The City owns a lot of land along the North Bank, including the underused Metropolitan Park, the Shipyards, the former Landing and Ford on Bay. The City also has plans to use the green space at the Times-Union Center for the Performing Arts as an outdoor multimedia venue.

In addition, the Berkman II and the old Times-Union building are expected to be demolished and redeveloped. 

Shad Khan is interested in developing Metropolitan Park and possibly the Shipyards, which could be the future home of MOSH. But the City cannot sell the park land because of a provision in a federal grant that it used to create the park in 1981. The City has requested that the National Park Service allow it to swap the Metropolitan land for the Shipyards land. 

But Powell sees problems with developing a city park on land that is contaminated from years of industrial use.

“This is a good time to step back and rethink how we approach Downtown revitalization,” Powell said. “We need to invest in ourselves, in the public. We know that investment follows people,” Powell said. “You have to do it right. It’s not just a bunch of grass. You have to design the park.” 

Powell said the plan for Lift Ev’ry Voice and Sing Park in LaVilla is a good example of what can be done with a park. Nationally renowned landscape architect Walter Hood has incorporated the history of James Weldon and John Rosamond Johnson into the design of the park.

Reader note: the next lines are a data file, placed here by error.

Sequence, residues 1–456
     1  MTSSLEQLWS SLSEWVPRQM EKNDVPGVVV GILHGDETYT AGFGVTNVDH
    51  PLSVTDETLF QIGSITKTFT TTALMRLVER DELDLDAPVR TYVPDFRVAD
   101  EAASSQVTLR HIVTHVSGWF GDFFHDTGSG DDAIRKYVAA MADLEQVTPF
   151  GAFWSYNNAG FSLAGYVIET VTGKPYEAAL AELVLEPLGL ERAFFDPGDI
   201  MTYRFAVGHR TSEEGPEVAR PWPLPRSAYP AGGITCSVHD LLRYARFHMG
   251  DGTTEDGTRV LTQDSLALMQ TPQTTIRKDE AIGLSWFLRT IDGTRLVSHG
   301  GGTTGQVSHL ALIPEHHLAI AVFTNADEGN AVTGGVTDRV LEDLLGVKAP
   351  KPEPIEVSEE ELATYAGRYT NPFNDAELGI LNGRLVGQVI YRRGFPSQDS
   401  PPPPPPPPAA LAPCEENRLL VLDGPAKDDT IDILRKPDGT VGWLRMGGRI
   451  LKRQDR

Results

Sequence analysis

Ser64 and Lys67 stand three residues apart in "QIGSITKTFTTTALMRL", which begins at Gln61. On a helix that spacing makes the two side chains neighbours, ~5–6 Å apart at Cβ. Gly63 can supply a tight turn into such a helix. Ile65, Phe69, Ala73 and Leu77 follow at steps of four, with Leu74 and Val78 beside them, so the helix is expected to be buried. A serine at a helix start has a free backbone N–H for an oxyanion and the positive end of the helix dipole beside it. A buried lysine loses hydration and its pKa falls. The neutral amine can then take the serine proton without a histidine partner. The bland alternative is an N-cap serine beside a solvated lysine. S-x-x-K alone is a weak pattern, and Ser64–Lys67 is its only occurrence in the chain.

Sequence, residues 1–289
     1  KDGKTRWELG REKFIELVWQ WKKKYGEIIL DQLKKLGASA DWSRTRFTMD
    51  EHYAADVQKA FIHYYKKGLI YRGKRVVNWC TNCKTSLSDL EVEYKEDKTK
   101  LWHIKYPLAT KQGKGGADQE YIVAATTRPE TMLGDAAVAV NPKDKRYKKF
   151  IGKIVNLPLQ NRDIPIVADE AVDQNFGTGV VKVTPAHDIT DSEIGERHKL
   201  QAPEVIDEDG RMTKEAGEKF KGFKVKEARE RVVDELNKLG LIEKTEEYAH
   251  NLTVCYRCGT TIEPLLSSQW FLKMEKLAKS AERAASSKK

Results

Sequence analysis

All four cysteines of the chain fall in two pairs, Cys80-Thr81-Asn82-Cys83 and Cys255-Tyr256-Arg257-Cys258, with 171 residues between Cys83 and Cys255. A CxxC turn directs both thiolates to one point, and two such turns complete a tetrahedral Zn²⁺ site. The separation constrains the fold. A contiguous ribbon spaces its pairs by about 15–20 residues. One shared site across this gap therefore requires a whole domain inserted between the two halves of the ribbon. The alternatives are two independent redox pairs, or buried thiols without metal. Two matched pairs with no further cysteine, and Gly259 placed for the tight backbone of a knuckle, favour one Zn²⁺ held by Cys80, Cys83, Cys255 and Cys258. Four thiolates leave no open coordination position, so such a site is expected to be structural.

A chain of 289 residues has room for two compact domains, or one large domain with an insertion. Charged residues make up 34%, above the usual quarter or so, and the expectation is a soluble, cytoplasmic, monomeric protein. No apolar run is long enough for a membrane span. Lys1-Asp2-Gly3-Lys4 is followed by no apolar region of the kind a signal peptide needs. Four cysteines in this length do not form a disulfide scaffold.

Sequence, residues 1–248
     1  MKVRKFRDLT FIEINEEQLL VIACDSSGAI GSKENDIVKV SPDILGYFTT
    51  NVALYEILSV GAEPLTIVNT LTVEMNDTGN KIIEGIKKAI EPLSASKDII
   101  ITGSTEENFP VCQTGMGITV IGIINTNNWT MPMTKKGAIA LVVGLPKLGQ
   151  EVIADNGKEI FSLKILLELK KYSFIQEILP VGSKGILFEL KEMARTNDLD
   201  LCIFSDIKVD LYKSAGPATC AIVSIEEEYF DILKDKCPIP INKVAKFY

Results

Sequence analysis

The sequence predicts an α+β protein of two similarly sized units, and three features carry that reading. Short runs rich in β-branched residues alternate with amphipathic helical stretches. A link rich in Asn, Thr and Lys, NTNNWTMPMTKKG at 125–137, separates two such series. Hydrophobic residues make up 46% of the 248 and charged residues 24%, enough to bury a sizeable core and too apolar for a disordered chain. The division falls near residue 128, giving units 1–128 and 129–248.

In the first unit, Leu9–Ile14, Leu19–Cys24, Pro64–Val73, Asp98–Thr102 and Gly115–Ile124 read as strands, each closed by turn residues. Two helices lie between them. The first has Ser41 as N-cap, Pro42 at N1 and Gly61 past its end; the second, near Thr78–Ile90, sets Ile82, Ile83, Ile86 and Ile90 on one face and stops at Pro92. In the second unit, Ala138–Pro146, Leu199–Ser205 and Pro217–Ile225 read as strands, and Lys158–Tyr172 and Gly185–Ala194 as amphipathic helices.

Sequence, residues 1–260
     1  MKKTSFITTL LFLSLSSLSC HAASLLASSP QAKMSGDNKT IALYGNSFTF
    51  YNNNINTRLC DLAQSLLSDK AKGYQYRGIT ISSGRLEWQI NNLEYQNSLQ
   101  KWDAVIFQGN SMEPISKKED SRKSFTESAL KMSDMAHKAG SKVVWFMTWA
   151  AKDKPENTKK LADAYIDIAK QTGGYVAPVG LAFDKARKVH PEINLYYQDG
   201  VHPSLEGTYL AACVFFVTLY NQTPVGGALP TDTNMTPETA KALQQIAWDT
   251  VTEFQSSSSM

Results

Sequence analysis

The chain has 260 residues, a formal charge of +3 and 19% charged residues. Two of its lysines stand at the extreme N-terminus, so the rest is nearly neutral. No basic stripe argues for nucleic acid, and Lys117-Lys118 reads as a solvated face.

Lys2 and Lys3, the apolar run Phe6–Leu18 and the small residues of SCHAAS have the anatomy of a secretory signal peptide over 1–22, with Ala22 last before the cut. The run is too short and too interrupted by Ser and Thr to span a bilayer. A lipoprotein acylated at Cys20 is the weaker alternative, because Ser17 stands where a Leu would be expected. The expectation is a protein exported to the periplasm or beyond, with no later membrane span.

“It’s a small space but they hired a top designer, and he did something creative and thoughtful,” Powell said. “That’s the kind of project we feel if we could do something on a larger scale could impact all of Jacksonville.”

Riverfront Parks Now would like to see a river conservancy, a nonprofit that partners with the City to implement a master plan for the riverfront downtown that gives the public a voice in how the riverfront is used.

Boyer would like to see one, too, something along the lines of Groundwork that champions the Emerald Trail.

“You want an organization that is focused on it, that raises money and attention. They keep the drum beating,” Boyer said. “Having an organization like that for the riverfront would be awesome.”

By Lilla Ross
Resident community News